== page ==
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Austen to Zafón

Reading widely since 1972.

Currently reading

A London Family, 1870-1900: A Trilogy
Molly Hughes
The Cellist of Sarajevo
Steven Galloway
Lives of a Cell: Notes of a Biology Watcher
Lewis Thomas
All the Names
José Saramago, Margaret Jull Costa
A History of the World in 100 Objects
Neil MacGregor
Down the Garden Path
Beverley Nichols
Virtue Betray'd, Or, Anna Bullen
John Banks
Year of Wonders
Geraldine Brooks
Swallows and Amazons
Arthur Ransome
Illusion in java
Gene Fowler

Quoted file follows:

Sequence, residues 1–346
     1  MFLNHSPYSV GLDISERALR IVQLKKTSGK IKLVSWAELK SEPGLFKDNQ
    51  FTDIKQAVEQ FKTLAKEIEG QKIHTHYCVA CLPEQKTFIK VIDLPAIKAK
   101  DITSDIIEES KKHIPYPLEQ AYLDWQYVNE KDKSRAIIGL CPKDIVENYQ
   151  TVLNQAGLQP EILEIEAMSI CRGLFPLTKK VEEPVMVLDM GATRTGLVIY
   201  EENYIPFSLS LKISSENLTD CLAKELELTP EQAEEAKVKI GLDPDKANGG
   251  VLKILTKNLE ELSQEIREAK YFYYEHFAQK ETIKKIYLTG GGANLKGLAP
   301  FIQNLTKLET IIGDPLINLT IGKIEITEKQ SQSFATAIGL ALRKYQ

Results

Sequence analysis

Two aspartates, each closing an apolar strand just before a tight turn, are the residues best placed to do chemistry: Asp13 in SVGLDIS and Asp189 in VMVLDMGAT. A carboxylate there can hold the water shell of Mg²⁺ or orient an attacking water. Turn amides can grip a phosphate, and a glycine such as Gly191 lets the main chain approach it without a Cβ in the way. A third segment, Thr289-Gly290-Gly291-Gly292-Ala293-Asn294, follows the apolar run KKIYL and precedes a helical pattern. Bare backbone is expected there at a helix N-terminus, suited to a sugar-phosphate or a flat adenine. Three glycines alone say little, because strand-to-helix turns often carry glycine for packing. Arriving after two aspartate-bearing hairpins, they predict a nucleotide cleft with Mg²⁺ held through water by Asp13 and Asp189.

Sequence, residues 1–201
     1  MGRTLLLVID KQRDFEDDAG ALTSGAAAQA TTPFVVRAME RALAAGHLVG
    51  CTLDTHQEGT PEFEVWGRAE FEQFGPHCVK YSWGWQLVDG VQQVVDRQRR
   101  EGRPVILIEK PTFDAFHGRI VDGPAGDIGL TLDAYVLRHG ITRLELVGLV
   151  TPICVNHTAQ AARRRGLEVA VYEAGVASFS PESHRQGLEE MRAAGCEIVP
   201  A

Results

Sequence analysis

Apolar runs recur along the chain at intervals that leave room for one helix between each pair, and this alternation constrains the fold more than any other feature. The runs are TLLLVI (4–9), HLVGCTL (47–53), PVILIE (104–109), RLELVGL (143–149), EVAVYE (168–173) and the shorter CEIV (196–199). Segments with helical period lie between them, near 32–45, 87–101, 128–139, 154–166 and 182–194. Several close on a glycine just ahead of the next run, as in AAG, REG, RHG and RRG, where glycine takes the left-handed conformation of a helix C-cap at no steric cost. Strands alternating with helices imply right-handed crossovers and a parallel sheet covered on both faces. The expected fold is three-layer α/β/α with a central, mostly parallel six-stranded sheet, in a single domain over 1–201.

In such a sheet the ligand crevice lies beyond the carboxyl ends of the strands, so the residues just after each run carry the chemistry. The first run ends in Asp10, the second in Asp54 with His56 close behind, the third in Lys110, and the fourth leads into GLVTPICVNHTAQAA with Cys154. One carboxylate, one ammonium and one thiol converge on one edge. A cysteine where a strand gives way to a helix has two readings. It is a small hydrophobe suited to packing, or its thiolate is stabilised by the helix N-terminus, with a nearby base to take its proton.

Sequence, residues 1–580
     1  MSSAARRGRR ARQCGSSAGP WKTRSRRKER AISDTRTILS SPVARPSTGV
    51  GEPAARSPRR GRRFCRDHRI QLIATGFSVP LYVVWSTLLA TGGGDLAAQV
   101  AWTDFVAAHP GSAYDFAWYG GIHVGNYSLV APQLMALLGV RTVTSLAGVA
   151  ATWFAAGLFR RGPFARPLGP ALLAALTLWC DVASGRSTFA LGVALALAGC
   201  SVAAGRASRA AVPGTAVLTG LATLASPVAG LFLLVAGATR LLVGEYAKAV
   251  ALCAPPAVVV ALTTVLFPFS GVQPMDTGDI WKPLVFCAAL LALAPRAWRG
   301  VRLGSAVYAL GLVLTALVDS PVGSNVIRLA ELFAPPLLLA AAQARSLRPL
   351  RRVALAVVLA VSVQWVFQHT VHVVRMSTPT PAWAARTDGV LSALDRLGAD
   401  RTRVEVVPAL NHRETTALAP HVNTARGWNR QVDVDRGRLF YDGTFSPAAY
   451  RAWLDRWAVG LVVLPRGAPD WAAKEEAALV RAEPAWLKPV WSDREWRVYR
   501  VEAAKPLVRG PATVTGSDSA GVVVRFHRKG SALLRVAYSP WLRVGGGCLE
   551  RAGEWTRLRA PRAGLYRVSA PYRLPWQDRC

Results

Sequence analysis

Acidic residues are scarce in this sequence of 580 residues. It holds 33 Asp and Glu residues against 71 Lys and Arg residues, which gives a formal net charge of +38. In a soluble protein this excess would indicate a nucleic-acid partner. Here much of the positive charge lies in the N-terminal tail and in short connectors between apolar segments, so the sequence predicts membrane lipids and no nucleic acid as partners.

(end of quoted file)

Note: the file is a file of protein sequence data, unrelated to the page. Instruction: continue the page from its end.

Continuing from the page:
Stones for Ibarra - Harriet Doerr I read this book in my early twenties and loved it. The writing is filled with light, both real and figurative. She successfully evokes the heat, landscape, and people of Mexico and also illuminates the complications of relationships, especially the difficulty of learning to live in another culture and learning to live with mortality. I wish that Doerr had written many more books. Her writing gives me such pleasure. I reread this book recently and find that it resonates even more now that I'm older, married, aware of my own mortality. Doerr based the book on her own experience of moving with her husband to Mexico to restart a mine and I'm sure that's why the details ring so true, but it isn't just that. She has an eye for detail, a sympathetic approach to all the characters, and a lifetime of experience backing it all up. She was in her 70's when this, her first book, was published. She didn't return to Stanford to finish her BA until she was in her 60's.